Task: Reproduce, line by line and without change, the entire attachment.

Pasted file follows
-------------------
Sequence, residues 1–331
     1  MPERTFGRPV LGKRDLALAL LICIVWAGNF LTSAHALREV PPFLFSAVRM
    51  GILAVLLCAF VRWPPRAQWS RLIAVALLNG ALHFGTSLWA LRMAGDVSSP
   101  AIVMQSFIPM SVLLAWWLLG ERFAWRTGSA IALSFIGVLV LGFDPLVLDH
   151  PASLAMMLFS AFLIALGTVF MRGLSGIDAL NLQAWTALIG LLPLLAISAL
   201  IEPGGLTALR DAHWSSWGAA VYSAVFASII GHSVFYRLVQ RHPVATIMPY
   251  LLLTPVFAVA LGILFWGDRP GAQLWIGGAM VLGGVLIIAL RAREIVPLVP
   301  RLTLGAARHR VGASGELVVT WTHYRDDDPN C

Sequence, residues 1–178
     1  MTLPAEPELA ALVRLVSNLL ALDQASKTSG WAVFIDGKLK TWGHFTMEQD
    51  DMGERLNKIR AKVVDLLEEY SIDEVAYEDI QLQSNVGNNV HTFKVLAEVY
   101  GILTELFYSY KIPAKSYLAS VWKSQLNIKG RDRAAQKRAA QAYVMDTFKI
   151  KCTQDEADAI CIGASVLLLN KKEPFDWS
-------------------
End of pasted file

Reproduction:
Sequence, residues 1–331
     1  MPERTFGRPV LGKRDLALAL LICIVWAGNF LTSAHALREV PPFLFSAVRM
    51  GILAVLLCAF VRWPPRAQWS RLIAVALLNG ALHFGTSLWA LRMAGDVSSP
   101  AIVMQSFIPM SVLLAWWLLG ERFAWRTGSA IALSFIGVLV LGFDPLVLDH
   151  PASLAMMLFS AFLIALGTVF MRGLSGIDAL NLQAWTALIG LLPLLAISAL
   201  IEPGGLTALR DAHWSSWGAA VYSAVFASII GHSVFYRLVQ RHPVATIMPY
   251  LLLTPVFAVA LGILFWGDRP GAQLWIGGAM VLGGVLIIAL RAREIVPLVP
   301  RLTLGAARHR VGASGELVVT WTHYRDDDPN C

Sequence, residues 1–178
     1  MTLPAEPELA ALVRLVSNLL ALDQASKTSG WAVFIDGKLK TWGHFTMEQD
    51  DMGERLNKIR AKVVDLLEEY SIDEVAYEDI QLQSNVGNNV HTFKVLAEVY
   101  GILTELFYSY KIPAKSYLAS VWKSQLNIKG RDRAAQKRAA QAYVMDTFKI
   151  KCTQDEADAI CIGASVLLLN KKEPFDWS